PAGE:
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Two people missing after landslide in Haines

Kindergarten teacher Janae Larson and her landlord, businessman David Simmons, live on a property in the path of the slide.
Jenae Larson and David Simmons, tenant and landlord, are missing after a landslide swept away their home on Beach Road in Haines.
Published: Dec. 4, 2020 at 6:46 AM AKST|Updated: Dec. 4, 2020 at 9:39 AM AKST
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ANCHORAGE, Alaska (KTUU) - The small Southeast Alaska community of Haines, just a ferry ride away from the state’s capital city, is reeling with heartache after a landslide tore down a mountainside, pushing everything in its path toward the water. Two people remain missing.

David Simmons, a global traveler with a talent for baseball and foreign languages, and his tenant, Jenae Larson, a hometown girl who returned to Haines after college to teach kindergarten, have not been heard from since the slide hit.

Two hours before the wall of mud heaved toward the ocean, Simmons spoke with his father by phone. Randy Simmons, who lives in California, told Alaska’s News Source his son commented on the heavy storms but otherwise it was a typically “wonderful” conversation the men had with each other when they spoke. The elder Simmons recalls thinking at the time his son was fortunate to live in high country so he wouldn’t flood.

“It never crossed my mind that mountain was going to come down and scrape this house off the face of the earth,” Simmons said.

Asked whether he felt his son might have survived, Simmons said no.

“I’m quite certain that’s what the outcome is. His house was crushed and pushed out in the ocean and he was in it. So, yeah, he’s gone. I just hope they can recover his body,” Simmons said. “He was my best friend in the entire world.”

Ground searchers were delayed Thursday, awaiting a determination from geologists that the area would be safe to traverse. Community volunteers and first responders were up before dawn prepping for what the day might hold. As they prepped and waited for more personnel to arrive and more assessments to be made, Simmons shared the remarkable adventures his son has had.

Living in Colorado, the men would take in Bronco games and downhill ski in Telluride. They shared a love of baseball, and in his junior year in high school, David Simmons fell in love with world travel, a passion that would eventually carry him to dozens of countries and foreign academic study. A Fulbright scholar, Simmons is fluent in several languages and has a mind for business. He most recently worked at the Haines Economic Development Corporation, helping people apply for CARES ACT money, Randy Simmons said.

Simmons describes his son as an avid adventurer, generous with his kindness and a knack for making friends. After visiting more than 80 countries, Simmons settles on Haines as his forever place.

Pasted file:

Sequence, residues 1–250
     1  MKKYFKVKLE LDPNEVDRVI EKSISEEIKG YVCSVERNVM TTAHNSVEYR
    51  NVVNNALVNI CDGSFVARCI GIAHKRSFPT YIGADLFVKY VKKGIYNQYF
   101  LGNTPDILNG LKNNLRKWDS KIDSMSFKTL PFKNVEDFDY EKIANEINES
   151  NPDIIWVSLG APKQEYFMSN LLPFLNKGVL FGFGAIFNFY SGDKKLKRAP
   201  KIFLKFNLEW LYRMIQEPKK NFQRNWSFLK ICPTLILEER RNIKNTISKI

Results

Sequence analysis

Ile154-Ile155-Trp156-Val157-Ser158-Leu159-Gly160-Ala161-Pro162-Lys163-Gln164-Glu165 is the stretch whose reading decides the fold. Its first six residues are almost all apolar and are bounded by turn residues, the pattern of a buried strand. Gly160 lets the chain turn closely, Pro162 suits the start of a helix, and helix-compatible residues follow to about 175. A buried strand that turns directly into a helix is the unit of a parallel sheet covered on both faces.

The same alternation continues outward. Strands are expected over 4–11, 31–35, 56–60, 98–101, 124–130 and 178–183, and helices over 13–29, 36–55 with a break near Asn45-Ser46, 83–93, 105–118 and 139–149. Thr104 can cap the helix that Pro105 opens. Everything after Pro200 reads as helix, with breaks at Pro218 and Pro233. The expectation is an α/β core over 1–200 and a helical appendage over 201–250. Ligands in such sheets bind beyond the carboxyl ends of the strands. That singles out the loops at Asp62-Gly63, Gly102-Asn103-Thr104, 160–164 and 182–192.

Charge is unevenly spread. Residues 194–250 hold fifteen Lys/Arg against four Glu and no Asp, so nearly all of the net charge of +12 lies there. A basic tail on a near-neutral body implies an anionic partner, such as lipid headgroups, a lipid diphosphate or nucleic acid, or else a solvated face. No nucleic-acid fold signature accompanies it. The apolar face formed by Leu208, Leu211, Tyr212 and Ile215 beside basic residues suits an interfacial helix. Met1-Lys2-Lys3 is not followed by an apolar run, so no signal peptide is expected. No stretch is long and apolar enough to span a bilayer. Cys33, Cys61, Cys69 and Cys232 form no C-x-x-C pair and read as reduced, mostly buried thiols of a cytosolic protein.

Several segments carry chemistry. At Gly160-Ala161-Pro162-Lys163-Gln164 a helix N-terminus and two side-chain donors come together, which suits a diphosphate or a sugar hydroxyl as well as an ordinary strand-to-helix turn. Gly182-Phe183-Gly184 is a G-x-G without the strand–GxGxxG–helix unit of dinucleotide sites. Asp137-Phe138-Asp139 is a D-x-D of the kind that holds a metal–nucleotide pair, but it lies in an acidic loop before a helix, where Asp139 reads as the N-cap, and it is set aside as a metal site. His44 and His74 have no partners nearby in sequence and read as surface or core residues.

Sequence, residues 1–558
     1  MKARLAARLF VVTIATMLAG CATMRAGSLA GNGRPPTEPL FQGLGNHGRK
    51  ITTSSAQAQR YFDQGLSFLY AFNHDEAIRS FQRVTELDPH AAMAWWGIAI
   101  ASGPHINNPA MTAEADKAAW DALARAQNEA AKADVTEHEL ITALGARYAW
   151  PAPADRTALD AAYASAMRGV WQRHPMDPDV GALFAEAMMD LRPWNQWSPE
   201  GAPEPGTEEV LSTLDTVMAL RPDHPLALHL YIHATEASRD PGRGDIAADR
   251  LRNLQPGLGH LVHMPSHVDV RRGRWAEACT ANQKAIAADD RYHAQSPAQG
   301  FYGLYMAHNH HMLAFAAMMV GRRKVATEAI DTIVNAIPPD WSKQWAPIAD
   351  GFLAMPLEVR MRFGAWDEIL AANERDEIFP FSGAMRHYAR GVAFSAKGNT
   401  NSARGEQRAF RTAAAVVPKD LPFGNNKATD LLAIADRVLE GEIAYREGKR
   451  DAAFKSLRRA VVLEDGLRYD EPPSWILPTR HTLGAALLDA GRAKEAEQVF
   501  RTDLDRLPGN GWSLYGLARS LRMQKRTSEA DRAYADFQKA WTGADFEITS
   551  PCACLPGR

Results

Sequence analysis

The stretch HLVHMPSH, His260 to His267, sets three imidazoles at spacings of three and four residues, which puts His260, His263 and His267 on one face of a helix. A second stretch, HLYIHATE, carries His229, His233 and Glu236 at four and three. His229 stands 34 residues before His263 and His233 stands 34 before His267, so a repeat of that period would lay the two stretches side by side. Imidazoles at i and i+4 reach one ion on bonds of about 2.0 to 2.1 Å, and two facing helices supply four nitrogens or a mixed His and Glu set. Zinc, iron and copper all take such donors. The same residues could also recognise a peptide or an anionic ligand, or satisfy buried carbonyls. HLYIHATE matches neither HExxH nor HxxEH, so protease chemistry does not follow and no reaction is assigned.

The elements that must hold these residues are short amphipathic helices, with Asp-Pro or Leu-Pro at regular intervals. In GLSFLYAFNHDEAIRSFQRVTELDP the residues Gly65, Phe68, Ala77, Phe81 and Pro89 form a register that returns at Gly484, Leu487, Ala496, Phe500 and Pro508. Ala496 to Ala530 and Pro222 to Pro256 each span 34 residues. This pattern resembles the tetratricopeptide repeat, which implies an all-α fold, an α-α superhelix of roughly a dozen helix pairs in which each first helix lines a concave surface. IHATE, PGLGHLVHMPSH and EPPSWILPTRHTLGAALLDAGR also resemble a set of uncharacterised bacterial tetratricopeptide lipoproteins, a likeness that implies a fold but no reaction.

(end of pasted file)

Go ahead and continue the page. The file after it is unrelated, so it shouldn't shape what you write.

“I feel so blessed that he discovered Haines and realized it is, you know, in his mind, the most beautiful place in the world and planned his entire life there,” Simmons said.

The place David Simmons decided to make home was where new college graduate Larson had her homecoming this year, transitioning from student to teacher, taking a job teaching kindergarten with the school district she grew up in, Roy Getchell the superintendent for the Haines School District told Alaska’s News Source in an interview Thursday. Getchell expressed hope Larson and David Simmons might still be found alive.

“Whenever there’s bad news during dark days, Haines shines its best. And I have hope in the people that are out there looking for her,” Getchell said.

Getchell said Larson has a gift for teaching and working with children that few educators display so early in their careers.

“We’re so privileged to have her. She’s a Haines school graduate, a Haines school, local Alaska grown educator. That’s not why we hired her. She’s phenomenal with kids well beyond her years, wise beyond her years. And it’s just been a tremendous asset to our staff in a very short amount of time,” Getchell said.

Starting the profession during a pandemic may not have been ideal, yet Larson has still excelled, he said.

“Could you imagine starting your career during COVID? It’s been difficult. She stepped right up and she continues to step up. And we’re proud that she’s part of our staff,” Getchell said.

Getchell said Larson’s teaching colleagues are among the search party. While it has felt like a very dark time, Getchell said the community is hopeful Larson and Simmons will be found, adding that the tremendous outpouring of support for Haines, and for victims of the landslide, has helped.

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